soundtrack
Icara-Icara (2012)
audio-visual installation for 2-channel synchronised video and 4-channel sound (10' 14 loop)
Joanna Austin (video) & Roberto Filoseta (sound)
Conceived for projection in a specially designed chamber, the work exploits several perceptual strategies aimed at providing an immersive audience experience. The particular angle and distance of the projection walls envelops the viewer and gives rise to a stereo image – two separate streams of visual information that are channelled discretely (to a degree) through each eye and are then re-combined in the brain. The large mirror covering the entire back wall further augments audience participation by reflecting at once the viewers and the 2 screens, thus placing the viewers inside the screened images and making them, effectively, part of the artwork. Four channels of surround audio are delivered by speakers concealed in the chamber’s walls, conveying spatial cues that draw the audio-viewers in the midst of the action, transporting them from the claustrophobic setting of the protagonist’s suburban dwelling to the limitless space, as the action takes to the open sky.
Exhibited by UH Galleries at St Albans Museum, UK, Jan-Mar 2012
Icara-Icara in a split-screen / stereo-sound version, for illustration only.

Icara-Icara is a reworking of the Icarus myth from a female perspective. Icara wants to fly. She knows well what happened to Icarus, who dared to fly and fell, who tasted freedom and died. Still, she leaps into the void to find herself and freedom. And she is not content to keep to the safe path traced by Daedalus: for Icara, flying means much more than landing safely to a known destination, it means unbounded search and fearless discovery.

Credits: Kate Wiggs (actress), Suzanne Page (creative consultant), Lorna Reay (voice)
Icara (2011)
By Joanna Austin (video) & Roberto Filoseta (sound)
A re-mix version of Icara-Icara. Single-channel HD video with stereo sound. 7 minutes.
Dea et Luna (2010)
HD video with stereol sound, 7 minutes.
Joanna Austin (video) & Roberto Filoseta (sound)
Dea et Luna has been realised as a site-specific work for the Luton Hoo Arts project, and first shown as an audio-video installation at the Luton Hoo Walled Garden. Searching into the rich history of the site, video artist Joanna Austin discovers a newspaper article appeared on 23rd January 1772 reporting that at 1.30 am the moon descended on Luton Hoo Estate. Structured as a non-narrative journey through the Walled Garden, this nocturnal work suggests a wandering moon-goddess in search of herself.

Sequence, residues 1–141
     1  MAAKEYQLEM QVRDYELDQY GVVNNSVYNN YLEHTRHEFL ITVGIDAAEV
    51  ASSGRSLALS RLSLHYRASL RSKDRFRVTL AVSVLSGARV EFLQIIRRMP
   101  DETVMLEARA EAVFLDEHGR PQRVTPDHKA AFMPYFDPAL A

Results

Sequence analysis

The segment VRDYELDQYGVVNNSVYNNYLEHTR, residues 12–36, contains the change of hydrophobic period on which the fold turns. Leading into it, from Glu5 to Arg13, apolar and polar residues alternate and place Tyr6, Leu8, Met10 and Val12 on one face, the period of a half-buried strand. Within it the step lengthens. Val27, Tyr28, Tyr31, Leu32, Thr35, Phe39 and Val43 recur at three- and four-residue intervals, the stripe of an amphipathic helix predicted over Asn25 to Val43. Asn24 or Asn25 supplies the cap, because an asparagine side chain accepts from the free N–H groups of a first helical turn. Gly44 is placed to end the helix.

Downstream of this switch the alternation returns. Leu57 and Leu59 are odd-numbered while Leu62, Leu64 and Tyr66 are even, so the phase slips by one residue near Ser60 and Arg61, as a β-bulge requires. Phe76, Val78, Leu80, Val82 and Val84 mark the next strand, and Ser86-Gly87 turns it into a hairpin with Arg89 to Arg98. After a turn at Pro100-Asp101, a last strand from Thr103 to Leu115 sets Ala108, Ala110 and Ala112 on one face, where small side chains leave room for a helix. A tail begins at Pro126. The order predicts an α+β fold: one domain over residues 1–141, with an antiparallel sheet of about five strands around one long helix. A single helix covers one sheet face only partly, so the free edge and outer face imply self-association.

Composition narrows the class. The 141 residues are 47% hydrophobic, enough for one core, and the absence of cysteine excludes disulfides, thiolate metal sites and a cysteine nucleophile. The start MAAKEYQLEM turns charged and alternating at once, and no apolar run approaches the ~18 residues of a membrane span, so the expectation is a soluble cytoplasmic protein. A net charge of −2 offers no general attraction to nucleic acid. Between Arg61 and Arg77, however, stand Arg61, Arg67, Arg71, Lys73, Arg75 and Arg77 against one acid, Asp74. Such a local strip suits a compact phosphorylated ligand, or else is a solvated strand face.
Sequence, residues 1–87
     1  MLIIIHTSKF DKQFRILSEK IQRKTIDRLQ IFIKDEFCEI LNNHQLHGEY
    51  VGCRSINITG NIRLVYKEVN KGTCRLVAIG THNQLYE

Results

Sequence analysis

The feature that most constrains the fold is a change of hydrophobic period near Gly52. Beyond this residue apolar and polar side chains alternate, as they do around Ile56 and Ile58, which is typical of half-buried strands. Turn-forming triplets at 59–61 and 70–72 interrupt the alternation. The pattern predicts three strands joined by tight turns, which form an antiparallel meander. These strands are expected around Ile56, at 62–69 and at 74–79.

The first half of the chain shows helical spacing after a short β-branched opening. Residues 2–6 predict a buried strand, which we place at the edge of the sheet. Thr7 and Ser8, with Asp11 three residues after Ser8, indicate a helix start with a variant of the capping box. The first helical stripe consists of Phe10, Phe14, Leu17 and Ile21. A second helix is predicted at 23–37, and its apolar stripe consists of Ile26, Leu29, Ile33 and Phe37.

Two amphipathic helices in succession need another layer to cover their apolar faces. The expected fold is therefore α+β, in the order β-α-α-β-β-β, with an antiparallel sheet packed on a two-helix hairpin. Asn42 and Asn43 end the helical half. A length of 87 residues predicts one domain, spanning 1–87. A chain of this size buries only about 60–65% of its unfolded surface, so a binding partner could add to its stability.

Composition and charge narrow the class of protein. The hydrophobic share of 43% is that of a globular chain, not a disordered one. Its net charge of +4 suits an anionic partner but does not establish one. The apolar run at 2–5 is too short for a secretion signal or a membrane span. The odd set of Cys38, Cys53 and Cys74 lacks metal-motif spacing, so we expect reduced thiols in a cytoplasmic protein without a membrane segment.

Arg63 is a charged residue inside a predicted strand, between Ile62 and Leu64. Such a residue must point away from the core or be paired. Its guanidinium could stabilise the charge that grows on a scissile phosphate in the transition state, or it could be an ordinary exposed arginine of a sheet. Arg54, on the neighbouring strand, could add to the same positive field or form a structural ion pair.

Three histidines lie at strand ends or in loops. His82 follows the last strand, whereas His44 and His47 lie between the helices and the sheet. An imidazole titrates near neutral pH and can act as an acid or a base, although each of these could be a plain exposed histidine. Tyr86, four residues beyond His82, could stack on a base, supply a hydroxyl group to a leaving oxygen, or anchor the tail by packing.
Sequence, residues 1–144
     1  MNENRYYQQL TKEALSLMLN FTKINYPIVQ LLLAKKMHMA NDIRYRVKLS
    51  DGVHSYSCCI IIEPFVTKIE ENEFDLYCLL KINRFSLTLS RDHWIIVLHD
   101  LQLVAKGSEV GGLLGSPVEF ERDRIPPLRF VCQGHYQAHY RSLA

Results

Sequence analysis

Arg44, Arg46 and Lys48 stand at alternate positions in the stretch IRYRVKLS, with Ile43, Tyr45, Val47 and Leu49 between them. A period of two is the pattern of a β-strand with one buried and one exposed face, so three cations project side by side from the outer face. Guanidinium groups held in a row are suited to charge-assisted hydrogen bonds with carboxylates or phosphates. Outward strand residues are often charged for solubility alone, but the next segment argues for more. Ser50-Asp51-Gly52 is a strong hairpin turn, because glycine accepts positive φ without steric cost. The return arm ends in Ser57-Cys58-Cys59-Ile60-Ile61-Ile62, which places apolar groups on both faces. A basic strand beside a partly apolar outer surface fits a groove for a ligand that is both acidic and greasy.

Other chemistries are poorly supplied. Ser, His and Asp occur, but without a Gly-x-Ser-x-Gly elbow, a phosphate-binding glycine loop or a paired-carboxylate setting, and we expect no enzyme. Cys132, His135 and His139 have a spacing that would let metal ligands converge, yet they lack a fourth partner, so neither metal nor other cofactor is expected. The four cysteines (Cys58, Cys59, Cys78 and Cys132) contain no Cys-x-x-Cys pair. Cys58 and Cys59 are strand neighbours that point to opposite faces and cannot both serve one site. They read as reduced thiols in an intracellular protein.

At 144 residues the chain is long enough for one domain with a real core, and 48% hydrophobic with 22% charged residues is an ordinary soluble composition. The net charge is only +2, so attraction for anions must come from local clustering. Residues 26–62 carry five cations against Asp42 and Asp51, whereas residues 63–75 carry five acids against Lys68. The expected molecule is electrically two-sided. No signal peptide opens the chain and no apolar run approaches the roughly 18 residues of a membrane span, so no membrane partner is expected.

Sonya Chenery (actress), Sonya Chenery & Suzanne Page (research and creative input), Lorna Reay (voice)
Exhibited at:
– Luton Hoo Arts Programme, 2010
– The Cutting Room, at Nottingham Playhouse, 2010
– UH Galleries Open Exhibition (winner of), 2010
– London Short Film Festival, 2011
– Wells Arts Contemporary, 2012
– CineSonika Festival, 2013
Adagio No. 8 (2012)
HD video with stereol sound, 9' 30 minutes.
Marty St James (video) & Roberto Filoseta (sound)
Adagio No. 8 continues Marty St James’s engagement with the video portrait. Conceived as a video projection for gallery space, this piece features images of dancer Iveta Petrakova manipulated into highly stylised geometrical patterns of a mandalic quality. The whole soundtrack is derived from a small selection of piano motifs structured to follow the vicissitudes of the dancer’s figure: stated in the first section, processed to abstraction in the subsequent sections, and partly reappearing in the last section.

The work has been exhibited in several galleries in the UK, China, Taiwan and Dubai.
Electronic Dance Music in Narrative Film (2020)
book chapter in
Foundations in Sound Design for Linear Media, M. Filimowicz(ed.), New York: Routledge
Abstract
As a growing number of filmmakers are moving away from the traditional model of orchestral underscoring in favor of a more contemporary approach to film sound, electronic dance music (EDM) is playing an increasingly important role in current soundtrack practice. With a focus on two specific examples, Tom Tykwer’s Run Lola Run (1998) and Darren Aronofsky’s Pi (1998), this essay discusses the possibilities that such a distinctive aesthetics brings to filmmaking, especially with regard to audiovisual rhythm and sonic integration.

Keywords
soundtrack; sound design; film music; film rhythm; audiovisual rhythm; electronic dance music; electronica; techno; glitch.